# cupyx.scipy.signal.windows.flattop#

cupyx.scipy.signal.windows.flattop(M, sym=True)[source]#

Return a flat top window.

Parameters
• M (int) – Number of points in the output window. If zero or less, an empty array is returned.

• sym (bool, optional) – When True (default), generates a symmetric window, for use in filter design. When False, generates a periodic window, for use in spectral analysis.

Returns

w – The window, with the maximum value normalized to 1 (though the value 1 does not appear if M is even and sym is True).

Return type

ndarray

Notes

Flat top windows are used for taking accurate measurements of signal amplitude in the frequency domain, with minimal scalloping error from the center of a frequency bin to its edges, compared to others. This is a 5th-order cosine window, with the 5 terms optimized to make the main lobe maximally flat. 1

References

1

D’Antona, Gabriele, and A. Ferrero, “Digital Signal Processing for Measurement Systems”, Springer Media, 2006, p. 70 10.1007/0-387-28666-7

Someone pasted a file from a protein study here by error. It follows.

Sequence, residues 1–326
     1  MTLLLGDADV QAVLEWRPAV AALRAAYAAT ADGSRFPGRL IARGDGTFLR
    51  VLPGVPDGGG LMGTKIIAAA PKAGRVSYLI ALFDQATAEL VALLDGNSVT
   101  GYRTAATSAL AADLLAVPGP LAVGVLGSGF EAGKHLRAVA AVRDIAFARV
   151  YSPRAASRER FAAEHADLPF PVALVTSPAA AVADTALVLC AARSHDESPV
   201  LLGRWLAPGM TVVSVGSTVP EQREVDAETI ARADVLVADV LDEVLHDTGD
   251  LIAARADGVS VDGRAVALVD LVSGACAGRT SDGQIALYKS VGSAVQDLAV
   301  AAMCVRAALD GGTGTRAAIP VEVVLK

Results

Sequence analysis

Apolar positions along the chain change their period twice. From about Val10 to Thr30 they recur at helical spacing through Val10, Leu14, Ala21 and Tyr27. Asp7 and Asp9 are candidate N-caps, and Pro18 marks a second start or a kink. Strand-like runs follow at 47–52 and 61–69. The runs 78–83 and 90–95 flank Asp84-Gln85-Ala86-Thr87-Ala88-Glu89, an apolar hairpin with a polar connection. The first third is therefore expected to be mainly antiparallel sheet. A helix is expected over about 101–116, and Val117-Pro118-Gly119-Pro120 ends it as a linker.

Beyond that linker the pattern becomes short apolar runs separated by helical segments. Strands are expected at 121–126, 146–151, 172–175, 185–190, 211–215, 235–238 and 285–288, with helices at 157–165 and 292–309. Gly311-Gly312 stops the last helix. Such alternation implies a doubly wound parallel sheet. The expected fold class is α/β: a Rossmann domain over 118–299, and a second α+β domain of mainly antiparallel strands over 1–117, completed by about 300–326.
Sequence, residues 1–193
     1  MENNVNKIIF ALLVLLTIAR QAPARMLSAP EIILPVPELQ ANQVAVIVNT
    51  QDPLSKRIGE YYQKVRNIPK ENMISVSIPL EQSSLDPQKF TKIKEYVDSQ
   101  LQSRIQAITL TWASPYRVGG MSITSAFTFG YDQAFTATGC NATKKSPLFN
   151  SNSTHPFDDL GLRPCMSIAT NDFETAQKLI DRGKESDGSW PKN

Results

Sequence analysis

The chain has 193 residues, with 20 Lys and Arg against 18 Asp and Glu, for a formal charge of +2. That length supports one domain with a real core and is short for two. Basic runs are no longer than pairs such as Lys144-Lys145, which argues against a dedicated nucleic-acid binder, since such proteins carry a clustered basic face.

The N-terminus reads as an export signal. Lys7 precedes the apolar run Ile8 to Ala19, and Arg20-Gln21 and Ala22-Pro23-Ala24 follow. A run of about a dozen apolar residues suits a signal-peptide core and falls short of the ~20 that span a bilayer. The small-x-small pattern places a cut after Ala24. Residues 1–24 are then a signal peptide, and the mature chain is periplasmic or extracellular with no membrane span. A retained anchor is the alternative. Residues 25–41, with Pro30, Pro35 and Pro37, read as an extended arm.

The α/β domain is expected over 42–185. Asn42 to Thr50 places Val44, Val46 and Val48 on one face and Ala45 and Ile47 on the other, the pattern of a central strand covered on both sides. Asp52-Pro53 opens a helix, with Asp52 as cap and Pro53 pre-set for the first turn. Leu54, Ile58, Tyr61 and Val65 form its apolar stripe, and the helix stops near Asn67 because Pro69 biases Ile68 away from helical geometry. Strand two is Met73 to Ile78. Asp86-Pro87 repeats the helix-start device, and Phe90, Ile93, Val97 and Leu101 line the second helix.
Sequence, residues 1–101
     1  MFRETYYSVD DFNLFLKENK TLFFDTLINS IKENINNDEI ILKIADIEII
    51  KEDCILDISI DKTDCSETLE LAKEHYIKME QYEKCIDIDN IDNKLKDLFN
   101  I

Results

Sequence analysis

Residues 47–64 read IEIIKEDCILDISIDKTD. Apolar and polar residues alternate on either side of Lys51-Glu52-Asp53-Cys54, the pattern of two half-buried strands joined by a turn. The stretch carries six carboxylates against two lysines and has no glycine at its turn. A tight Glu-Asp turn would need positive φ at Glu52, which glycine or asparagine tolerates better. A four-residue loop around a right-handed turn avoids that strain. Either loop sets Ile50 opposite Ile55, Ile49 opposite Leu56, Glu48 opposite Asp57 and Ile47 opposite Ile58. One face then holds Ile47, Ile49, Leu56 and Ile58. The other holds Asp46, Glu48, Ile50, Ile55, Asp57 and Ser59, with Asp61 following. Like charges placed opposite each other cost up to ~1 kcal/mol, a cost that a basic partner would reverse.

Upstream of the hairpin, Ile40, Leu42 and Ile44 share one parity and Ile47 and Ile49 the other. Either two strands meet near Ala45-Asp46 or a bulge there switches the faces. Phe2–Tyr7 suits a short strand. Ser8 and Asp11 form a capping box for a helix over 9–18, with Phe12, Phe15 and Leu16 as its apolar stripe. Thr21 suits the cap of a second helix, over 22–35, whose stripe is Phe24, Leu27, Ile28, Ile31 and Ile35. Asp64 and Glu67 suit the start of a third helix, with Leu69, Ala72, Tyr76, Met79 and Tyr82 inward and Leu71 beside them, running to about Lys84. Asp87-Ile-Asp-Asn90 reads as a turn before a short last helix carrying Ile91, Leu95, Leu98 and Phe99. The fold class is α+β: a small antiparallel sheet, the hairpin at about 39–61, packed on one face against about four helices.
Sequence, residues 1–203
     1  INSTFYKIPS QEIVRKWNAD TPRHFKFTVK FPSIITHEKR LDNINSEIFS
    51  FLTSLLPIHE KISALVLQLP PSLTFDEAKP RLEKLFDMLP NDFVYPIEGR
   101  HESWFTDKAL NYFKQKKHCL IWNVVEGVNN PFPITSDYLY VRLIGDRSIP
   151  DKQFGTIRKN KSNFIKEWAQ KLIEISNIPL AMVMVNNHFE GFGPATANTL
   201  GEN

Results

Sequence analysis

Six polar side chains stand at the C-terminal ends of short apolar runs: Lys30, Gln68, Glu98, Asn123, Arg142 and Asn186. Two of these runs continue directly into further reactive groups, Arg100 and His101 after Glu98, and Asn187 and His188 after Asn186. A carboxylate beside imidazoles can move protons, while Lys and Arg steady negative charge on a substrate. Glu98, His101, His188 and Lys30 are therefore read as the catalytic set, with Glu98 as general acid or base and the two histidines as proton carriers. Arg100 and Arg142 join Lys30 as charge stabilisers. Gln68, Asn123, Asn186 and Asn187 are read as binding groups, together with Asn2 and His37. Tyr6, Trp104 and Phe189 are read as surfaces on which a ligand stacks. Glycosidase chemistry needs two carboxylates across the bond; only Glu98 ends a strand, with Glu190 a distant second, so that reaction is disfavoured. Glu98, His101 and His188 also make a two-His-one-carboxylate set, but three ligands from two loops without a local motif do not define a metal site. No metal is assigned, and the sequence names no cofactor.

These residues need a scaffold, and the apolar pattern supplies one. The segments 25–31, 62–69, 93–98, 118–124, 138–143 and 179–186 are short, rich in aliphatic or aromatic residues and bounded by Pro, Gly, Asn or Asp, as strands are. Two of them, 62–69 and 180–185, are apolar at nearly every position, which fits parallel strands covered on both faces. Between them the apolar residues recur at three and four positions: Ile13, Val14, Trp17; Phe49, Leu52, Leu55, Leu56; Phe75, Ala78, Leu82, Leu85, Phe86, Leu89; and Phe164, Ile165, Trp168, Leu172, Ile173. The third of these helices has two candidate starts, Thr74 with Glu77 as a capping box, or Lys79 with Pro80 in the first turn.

Examples

Plot the window and its frequency response:

```>>> from cupyx.scipy.signal.windows import flattop
>>> import cupy as cp
>>> from cupy.fft import fft, fftshift
>>> import matplotlib.pyplot as plt
```
```>>> window = flattop(51)
>>> plt.plot(cupy.asnumpy(window))
>>> plt.title("Flat top window")
>>> plt.ylabel("Amplitude")
>>> plt.xlabel("Sample")
```
```>>> plt.figure()
>>> A = fft(window, 2048) / (len(window)/2.0)
>>> freq = cupy.linspace(-0.5, 0.5, len(A))
>>> response = 20 * cupy.log10(cupy.abs(fftshift(A / cupy.abs(A).max())))
>>> plt.plot(cupy.asnumpy(freq), cupy.asnumpy(response))
>>> plt.axis([-0.5, 0.5, -120, 0])
>>> plt.title("Frequency response of the flat top window")
>>> plt.ylabel("Normalized magnitude [dB]")
>>> plt.xlabel("Normalized frequency [cycles per sample]")
```